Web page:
«Mr. Wrong» was a very difficult film and experience. I think the hardest genre of film to make is the black comedy… meaning funny and dark at the same time. It’s very hard to get audiences to go along with that and the successful examples are few («Harold and Maude», «Dr. Strangelove» come to mind). The film was tracked with music by the Mexican composer Esquival. I helped with the tracking as I’m a big fan of his wacky 1960’s sounds. This score was one of the most fun to actually compose as I could play with all the sounds of both Esquival and Henry Mancini… jazz, Latin, Aaron Copland. I had a great orchestra with lots of fantastic musicians and we all had a great time recording the music. The hard part was the political side of the film… and every film has a political side. The studio just wasn’t really behind the film. They had wanted a simple, romantic vehicle for Ellen DeGeneres and they were getting this wild, dark comedy with kidnapping and gunplay and drugs. Also, this was when Ellen was coming out to the world as a lesbian, so the romantic bit didn’t really work! Great experience musically, horrible experience politically.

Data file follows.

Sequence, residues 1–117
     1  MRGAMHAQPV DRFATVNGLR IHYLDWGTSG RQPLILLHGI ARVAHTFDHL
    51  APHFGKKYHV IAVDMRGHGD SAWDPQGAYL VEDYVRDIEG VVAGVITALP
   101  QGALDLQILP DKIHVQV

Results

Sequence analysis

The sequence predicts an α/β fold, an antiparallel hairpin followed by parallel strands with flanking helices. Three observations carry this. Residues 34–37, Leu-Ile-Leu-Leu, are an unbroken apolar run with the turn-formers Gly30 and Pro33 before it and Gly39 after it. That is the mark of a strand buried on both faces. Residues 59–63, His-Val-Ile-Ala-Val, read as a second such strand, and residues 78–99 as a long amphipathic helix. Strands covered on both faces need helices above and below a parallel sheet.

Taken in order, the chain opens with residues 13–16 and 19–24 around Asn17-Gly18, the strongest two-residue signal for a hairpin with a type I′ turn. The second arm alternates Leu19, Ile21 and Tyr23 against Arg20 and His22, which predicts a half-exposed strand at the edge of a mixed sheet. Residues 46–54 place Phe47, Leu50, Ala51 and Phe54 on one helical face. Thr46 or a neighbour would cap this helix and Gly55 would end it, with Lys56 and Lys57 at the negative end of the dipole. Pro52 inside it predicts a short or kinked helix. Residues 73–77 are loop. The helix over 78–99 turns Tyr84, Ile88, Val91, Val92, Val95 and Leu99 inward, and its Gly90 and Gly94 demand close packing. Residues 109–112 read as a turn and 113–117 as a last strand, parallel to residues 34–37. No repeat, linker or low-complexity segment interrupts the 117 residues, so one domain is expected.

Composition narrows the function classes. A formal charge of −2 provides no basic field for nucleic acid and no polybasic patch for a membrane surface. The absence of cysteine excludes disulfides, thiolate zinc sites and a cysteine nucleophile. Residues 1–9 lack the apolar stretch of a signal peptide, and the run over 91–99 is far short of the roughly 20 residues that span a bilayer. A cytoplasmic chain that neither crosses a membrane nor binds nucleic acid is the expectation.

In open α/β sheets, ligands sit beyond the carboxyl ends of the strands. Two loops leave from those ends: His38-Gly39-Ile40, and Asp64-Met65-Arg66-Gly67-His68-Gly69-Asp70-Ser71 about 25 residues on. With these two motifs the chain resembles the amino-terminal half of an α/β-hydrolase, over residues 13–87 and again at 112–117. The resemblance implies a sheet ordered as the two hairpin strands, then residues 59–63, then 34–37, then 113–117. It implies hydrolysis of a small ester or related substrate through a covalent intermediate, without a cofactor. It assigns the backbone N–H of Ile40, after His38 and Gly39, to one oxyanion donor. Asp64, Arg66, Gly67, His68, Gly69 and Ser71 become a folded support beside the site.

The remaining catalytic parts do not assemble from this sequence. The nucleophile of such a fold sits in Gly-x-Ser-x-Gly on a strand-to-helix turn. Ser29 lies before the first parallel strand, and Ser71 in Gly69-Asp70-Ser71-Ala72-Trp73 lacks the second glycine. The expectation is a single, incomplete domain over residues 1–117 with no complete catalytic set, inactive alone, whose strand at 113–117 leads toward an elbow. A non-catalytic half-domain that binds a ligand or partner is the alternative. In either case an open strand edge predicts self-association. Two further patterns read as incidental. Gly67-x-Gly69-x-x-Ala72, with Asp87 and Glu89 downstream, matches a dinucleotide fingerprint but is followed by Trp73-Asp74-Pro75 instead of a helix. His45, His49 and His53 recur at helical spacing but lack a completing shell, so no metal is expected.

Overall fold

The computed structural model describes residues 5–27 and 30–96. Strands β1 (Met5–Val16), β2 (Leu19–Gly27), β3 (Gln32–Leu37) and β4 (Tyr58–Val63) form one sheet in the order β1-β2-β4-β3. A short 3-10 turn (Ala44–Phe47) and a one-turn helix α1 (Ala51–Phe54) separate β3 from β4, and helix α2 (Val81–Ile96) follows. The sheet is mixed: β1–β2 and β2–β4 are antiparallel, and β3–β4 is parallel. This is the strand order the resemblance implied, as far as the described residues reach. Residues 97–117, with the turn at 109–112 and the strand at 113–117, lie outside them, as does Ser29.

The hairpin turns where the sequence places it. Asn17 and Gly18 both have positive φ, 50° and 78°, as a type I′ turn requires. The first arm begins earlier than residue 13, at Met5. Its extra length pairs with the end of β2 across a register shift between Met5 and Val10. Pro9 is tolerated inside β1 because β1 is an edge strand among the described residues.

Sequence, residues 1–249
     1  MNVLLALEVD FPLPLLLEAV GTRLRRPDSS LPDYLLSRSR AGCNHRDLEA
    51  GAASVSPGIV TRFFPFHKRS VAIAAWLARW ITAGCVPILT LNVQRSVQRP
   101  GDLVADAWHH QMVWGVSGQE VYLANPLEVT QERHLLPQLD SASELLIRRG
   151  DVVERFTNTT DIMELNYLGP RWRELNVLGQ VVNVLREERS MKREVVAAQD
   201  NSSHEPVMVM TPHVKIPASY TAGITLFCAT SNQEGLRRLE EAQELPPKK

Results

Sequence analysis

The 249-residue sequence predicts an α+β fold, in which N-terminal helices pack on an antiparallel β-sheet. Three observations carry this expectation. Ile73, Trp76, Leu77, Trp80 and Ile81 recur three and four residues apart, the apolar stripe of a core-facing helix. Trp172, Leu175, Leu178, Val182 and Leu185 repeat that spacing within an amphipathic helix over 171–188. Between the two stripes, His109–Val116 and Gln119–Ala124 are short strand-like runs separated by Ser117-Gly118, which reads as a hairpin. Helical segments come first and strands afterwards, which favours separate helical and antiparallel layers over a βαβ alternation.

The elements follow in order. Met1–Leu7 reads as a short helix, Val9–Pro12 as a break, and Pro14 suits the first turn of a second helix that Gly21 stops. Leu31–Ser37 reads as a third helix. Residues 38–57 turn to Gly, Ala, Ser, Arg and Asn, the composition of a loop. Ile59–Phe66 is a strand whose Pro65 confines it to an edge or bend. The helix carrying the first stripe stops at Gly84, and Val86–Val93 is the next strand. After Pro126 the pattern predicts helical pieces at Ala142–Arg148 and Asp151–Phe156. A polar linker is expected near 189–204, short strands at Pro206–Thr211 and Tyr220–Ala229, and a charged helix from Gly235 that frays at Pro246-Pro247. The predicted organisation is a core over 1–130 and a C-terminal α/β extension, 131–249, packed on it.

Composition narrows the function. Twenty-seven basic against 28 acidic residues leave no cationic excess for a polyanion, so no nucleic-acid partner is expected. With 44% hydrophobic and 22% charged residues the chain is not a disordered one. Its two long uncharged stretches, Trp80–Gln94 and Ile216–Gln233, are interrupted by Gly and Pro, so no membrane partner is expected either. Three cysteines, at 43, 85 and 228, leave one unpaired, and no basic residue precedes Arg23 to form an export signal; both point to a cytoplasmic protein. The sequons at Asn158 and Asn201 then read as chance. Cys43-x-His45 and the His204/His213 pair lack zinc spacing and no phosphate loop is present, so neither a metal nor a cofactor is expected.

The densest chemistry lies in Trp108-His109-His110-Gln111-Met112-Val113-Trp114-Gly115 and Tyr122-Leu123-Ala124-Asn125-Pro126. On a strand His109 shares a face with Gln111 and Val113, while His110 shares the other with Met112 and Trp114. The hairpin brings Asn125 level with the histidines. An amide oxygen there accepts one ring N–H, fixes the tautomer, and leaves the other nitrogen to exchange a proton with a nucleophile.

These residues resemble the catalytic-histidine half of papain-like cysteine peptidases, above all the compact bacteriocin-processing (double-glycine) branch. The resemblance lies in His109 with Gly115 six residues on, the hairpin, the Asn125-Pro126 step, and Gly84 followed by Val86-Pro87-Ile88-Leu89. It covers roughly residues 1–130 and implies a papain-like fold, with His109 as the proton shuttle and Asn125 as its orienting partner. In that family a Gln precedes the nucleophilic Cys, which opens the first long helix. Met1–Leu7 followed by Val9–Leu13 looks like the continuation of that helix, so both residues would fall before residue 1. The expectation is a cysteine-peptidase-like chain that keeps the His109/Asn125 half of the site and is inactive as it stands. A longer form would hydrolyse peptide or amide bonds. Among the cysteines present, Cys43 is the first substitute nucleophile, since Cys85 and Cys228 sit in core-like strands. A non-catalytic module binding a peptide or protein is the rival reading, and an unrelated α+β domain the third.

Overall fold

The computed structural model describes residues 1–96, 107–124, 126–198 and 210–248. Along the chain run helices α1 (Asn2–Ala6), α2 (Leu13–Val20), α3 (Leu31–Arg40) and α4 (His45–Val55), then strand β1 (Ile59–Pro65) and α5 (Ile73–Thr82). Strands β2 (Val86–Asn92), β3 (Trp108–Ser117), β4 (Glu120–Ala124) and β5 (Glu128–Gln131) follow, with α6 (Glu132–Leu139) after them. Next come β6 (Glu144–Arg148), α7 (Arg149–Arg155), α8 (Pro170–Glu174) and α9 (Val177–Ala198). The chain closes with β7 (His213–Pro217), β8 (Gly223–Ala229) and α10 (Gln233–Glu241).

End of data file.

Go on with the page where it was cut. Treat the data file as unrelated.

-You have created a lot of scores for television, being maybe the most famous the show that provided you the ASCAP Film and Television Award for scoring a “Top TV Series” seven years in a row, 1988-1994, for «Cheers». In 1991 you were nominated too for an Emmy for Outstanding Achievement in Music and Lyrics for the TV series «Life Goes On» (1989), shared with Mark Mueller (lyricist). But you have also worked for «Amazing Stories», «The New Alfred Hitchcock Presents», «The Twilight Zone»… what can you share with us about all these shows and scores that all of the people of my age have grown watching and listen to them with delight through the last decades? (maybe some anecdotes about the production of your work with some of the amazing filmmakers that collaborated with you in them).
-That’s a big question! «Cheers» was like a side job to me for eleven years. There was very little music in each episode so I’d do several segments every few weeks. The most fun part of «Cheers» was coming up with the original sound of the show. I wanted it to sound like a mediocre acoustic bar band with a clarinet player that happened to sit in and also wasn’t very good. That sound worked from the first episode to the last! I think there were around 255 shows.